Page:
Reports 2019

Seminar “Millennial Maiko”

IGS Seminar: “Millennial Maiko: The Geisha Apprentice in Japanese Popular Culture”

An IGS Seminar titled “Millennial Maiko: The Geisha Apprentice in Japanese Popular Culture,” featuring a lecture by Dr. Jan Bardsley (Specially Appointed Professor, IGS; Professor, North Carolina University Chapel Hill) was held on February 8, 2019. Bardsley researches the representation of women in modern Japan. In this seminar, Bardsley examined representations of maiko (geisha apprentices) in Japanese films in the 1950s and 2000s, analyzing how the status of maiko in Japanese society has changed. At this seminar, Bardsley screened the Japanese films A Geisha (1953), So Young, So Bright (1955), and the NHK-TV morning drama Dandan (2008).

In the 21st century, maiko are popularly depicted as cute mascot characters of Kyoto. Although only 75 people actually work in Kyoto as maikos, the cultural and commercial presence of the maiko image is far greater. Depictions of maiko dressed in beautiful kimono and donning traditional hairstyles appear everywhere in Kyoto, such as on posters that are meant to attract tourists and as Hello Kitty dolls. Most strikingly, contemporary maiko images lack any reference to the dark underworld of human trafficking and prostitution.

In the storylines of the 1950s films, girls become maiko to escape financial difficulties. For these girls, it is a survival strategy. Entertaining rich men, depending on sponsors, and eventually “being bought” as a wife or mistress were all socially recognized methods for geisha and maiko to make a living. Therefore, mastering dance, tea ceremony etiquette, and flower arranging was a strategy for improving their value as merchandize.

In A Geisha, the teacher of a flower arranging class encourages a group of maiko to train hard, saying: “Have self-respect and take pride in being the symbol of … Japanese beauty while you study every day.” In So Young, So Bright, a mother who was once a geisha sarcastically responds to criticism expressed by her daughter’s female teacher that “the geisha world is filthy,” saying, “They all think that the geisha is the enemy of the housewife, but the geisha does have her charming aspects. That is why the husband goes to see her. I think it is fine for a woman to imitate what other women do well.” In this statement, she acknowledges the sexual subjectivity of the geisha and expresses pride in being more attractive and feminine than housewives and having confidence in holding a status higher than that of prostitutes.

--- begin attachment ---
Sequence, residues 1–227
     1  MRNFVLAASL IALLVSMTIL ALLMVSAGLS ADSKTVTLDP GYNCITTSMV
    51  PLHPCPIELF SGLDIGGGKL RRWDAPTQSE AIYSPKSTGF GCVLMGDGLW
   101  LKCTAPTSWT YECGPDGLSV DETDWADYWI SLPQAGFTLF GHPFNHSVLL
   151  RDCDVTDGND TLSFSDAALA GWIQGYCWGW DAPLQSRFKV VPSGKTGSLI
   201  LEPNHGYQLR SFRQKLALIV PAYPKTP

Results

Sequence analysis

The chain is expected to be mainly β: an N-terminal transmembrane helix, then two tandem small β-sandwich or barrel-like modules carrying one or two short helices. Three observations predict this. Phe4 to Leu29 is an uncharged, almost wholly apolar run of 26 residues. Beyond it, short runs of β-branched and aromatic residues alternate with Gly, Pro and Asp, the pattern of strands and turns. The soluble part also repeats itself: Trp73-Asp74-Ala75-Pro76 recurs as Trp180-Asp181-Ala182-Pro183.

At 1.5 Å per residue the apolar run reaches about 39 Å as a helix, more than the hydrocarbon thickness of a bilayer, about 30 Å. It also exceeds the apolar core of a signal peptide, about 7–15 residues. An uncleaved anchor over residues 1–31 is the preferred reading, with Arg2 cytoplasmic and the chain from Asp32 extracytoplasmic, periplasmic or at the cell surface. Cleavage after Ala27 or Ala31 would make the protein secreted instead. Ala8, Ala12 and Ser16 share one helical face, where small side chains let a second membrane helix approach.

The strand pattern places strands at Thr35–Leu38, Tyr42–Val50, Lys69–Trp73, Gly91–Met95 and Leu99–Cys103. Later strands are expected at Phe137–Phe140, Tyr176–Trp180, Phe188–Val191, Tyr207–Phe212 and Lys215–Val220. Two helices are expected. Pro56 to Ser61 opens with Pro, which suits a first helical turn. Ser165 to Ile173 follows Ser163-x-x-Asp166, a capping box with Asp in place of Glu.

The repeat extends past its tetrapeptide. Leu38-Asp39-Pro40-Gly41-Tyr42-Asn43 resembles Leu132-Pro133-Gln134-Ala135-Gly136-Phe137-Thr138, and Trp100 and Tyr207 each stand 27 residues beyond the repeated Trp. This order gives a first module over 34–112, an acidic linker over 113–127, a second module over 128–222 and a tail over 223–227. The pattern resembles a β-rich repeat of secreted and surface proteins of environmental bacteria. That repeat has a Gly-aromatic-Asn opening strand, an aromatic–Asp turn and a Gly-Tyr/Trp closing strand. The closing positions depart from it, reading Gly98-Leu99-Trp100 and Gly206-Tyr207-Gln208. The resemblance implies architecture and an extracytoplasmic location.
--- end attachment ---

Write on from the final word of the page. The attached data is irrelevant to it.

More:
On the other hand, in the 2008 TV drama Dandan, becoming a maiko is presented as a career choice along the road of self-discovery. Moreover, the professionalism of the job is justified as a noble endeavor to master traditional arts such as dance. Customers who seek out geisha are depicted as intellectuals who appreciate the quality of their traditional performing arts. In these representations, sexual aspects of the maiko are erased. One of the main characters in the drama is the grandmother of a maiko. Her knowledge of the geisha world is identical to depictions from the 1950s films. For her, geisha agencies and parlors are filthy places. However, she changes her opinion after watching a serious and elegant traditional dance performed in a parlor. This scene represents the de-sexualization of the geisha world, and is exactly what current Gion society (the Kyoto geisha world) seeks to promote. Such millennial maiko images scrubbed of sexual imagery have been combined with the Japanese adjective “kawaii,” meaning cute, and is one of the driving forces of contemporary Japanese popular culture. Therefore, the maiko image displaced the famous beauty of the geisha and became the mascot of the ancient Japanese city of Kyoto.

After the presentation, many questions were asked and several comments were made, and an enthusiastic discussion took place. Bardsley is writing a book on maiko and the content of this seminar will appear as a chapter in the book. She said that the discussion after the seminar has helped her enhance the content of the book. We are very much looking forward to its publication.

Kumi Yoshihara (Project Research Fellow, IGS)

【Event Information】